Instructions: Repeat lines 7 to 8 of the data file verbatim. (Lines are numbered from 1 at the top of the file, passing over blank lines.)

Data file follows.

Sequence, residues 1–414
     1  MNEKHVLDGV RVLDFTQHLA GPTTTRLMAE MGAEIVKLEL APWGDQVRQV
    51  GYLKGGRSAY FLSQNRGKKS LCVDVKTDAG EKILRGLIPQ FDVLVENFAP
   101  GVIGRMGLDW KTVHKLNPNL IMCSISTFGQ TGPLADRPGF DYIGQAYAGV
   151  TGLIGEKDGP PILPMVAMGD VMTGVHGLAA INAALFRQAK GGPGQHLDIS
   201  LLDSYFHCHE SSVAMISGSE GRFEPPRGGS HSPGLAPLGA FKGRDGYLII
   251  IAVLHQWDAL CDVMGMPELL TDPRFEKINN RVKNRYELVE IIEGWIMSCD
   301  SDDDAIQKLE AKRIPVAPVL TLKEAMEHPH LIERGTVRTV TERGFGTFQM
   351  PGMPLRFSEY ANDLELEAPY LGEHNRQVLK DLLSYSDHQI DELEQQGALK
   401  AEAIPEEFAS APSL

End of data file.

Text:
   251  IAVLHQWDAL CDVMGMPELL TDPRFEKINN RVKNRYELVE IIEGWIMSCD
   301  SDDDAIQKLE AKRIPVAPVL TLKEAMEHPH LIERGTVRTV TERGFGTFQM